POP3-SSL: Some POP3 Servers need SSL encryption enabled for the connection in order to protect passwords and sensitive information. Choose this type to have a SSL-encrypted connection to a POP3 server.

IMAP: IMAP Servers are also quite common and theoretically allow the client to manipulate email folders and move email between folders online. In our case the protocol is used to download email from the INBOX of the IMAP server to your exchange server.

IMAP-SSL: Supports SSL connections to IMAP servers for added protection.


Access:

Configure the server name, account name and password to connect to the mail server here.

Servername: The name the server you want to have polled. You can also enter the IP address directly.

Username: The username needed to log into your POP3 or IMAP mail server.

Password: The password needed to log into your mail server.

IP portnumber: Almost always the TCP/IP port for POP3 mail is 110. Under some circumstances, internet routers or firewalls change the port number. Please ask your network administrator or internet provider. The standard port for POP3-SSL is 995, for IMAP it is 143 and for IMAP-SSL this should be set to 993.

Timeout: Leave this to the default value.

Please ask your POP3 mailbox hosting provider if you do not have the above information.


Type of mailbox / distribution:

POPcon PRO supports both catch-all and single user mailboxes

Catch-all mailbox ("*@domainname.com"): For this type of mailbox, POPcon PRO will distribute the email retrieved from this server according to what it finds in the TO:, CC:, BCC: and other header-fields of the mail. If you choose this option, don’t forget to add your internet domain name(s) to the "Accepted Recipient Domains" box. on the POP3/IMAP configuration dialog

Single user mailbox ("user@domainname.com"): This type of mailbox receives email for only one specific Exchange mailbox. You need to specify the receiver of the email here. POPcon PRO will then direct all mail retrieved from this server to the recipient email address given here.


Delete / keep email on the server:

This block allows you to configure POPcon PRO to either delete email after downloading or keep it on your POP3 or IMAP server for a specified amount of time or indefinitely.

Delete downloaded email: This is the default setting – POPcon PRO will delete the Email on your POP3 or IMAP server after successfully downloading it.

Leave a copy of downloaded email (indefinitely): This option will cause POPcon PRO to leave a copy of the email on the server. Only use this option during testing or when you are sure the mail will be deleted eventually, i.e. by another system periodically downloading an deleting email.

Leave a copy of downloaded email for n number of days: Causes POPcon PRO to leave a copy of the email on the POP3/IMAP server for the specified number of days before deleting it. You can use this option to allow access to a single POP3 or IMAP mailbox by two different systems.

c) Configure the Exchange server name on the EXCHANGE configuration tab.

POPcon PRO SMTP/Exchange settings screenshot

On this configuration screen you can specify the Exchange™-(SMTP) Server you want the mail to be directed to. Normally this will be the computer name of your Exchange™ server (like "MYSERVER").

You can leave all other settings default


These three steps to configure POPcon will provide you with a working set-up. Test it out by confirming the new configuration with OK and then use the "Trigger mail retrieval" button on the POPcon Administrator main screen to start the first mail download. You can follow what is happening in the scrolling log display on that screen. Watch out for any error messages there. There is also a POPcon log file (c:\program files\POPcon\POPconSrv.log – open with notepad) that you can view at your leisure.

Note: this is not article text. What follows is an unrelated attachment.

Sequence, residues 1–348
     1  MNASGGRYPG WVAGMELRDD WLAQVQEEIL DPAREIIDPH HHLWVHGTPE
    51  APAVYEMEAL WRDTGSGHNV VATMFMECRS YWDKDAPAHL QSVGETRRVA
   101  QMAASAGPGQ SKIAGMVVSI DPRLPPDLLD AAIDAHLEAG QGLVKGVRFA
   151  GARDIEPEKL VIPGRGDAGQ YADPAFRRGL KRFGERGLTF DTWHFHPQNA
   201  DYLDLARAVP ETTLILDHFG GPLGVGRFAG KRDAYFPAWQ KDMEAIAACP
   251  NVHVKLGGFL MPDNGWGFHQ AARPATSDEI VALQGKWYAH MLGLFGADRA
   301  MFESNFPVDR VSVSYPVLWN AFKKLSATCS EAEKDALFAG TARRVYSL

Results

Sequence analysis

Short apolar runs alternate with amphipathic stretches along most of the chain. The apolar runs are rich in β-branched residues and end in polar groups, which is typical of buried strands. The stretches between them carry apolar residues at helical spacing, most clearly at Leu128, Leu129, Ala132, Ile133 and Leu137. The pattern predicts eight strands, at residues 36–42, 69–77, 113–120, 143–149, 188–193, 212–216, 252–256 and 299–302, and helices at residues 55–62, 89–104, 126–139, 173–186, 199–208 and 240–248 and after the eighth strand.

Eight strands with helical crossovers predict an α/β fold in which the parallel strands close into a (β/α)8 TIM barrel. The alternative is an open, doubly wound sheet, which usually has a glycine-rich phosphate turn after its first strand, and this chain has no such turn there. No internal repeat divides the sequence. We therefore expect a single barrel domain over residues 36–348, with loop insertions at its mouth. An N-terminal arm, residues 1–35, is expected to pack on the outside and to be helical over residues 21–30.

6. Server down? Know about server problems before your users do

We recently introduced ServerPulse, a new service that monitors your servers and immediately alerts you by text message and email if there are any problems. ServerPulse also watches important server operating parameters: Disk space, used RAM and CPU load - so you'll know about problems even before they bring down a system.

Just imagine: Your client doesn't call you because his server is down. Instead you'll call him first

What will that do for your relationship with your client?

This is what ServerPulse will do for you:



Give the service a try - it's free for 30 days: ServerPulse.



7. Check out the ChangeSender Outlook Add-in

ChangeSender Exchange Send-as Add-in adds one important piece of functionality to Microsoft Outlook when used with Exchange Server: It allows you to send as any of your email addresses and even group addresses or those of other users if allowed by the administrator. Effectively this is the Exchange Send-as function without the limitations of the ActiveDirectory

Without the ChangeSender Exchange send-as components, Exchange always sends out emails on your default email address fixed in the ActiveDirectory even when answering emails received on one of your additional email addresses. Also, Exchange does not allow sharing the same email address (i.e. department-wide or company-wide email addresses) between users. ChangeSender solves both problems by adding a configurable "send as" selection box to your Outlook email form.


ChangeSender Features


ChangeSender in Outlook 2007 screenshot

Downloads

Download the free 30-day trial version of ChangeSender and test the full product without any restrictions until you are sure it meets all your requirements. Then just order license codes to remove the 30 day limit without re-installing.

ChangeSender consists of two separate components: A server component to be installed on the Exchange server and a Microsoft Outlook add-in component that is needed for each client. The Outlook add-in does not work without the server component installed as well.

Server component:

Download Exchange Send-as server component, Exchange 2000, 2003 version Install this on the Exchange Server (this version for Exchange 2000 or 2003)

Download Exchange Send-as server component, Exchange 2007, 2010 version Install this on the Exchange Server (this version for Exchange 2007 or 2010)

Client component / Outlook add-in:

Download Exchange Send-as Outlook add-in Install this on each user's system.

 

You can license ChangeSender Exchange Send-as online and will receive the license codes by email in just minutes.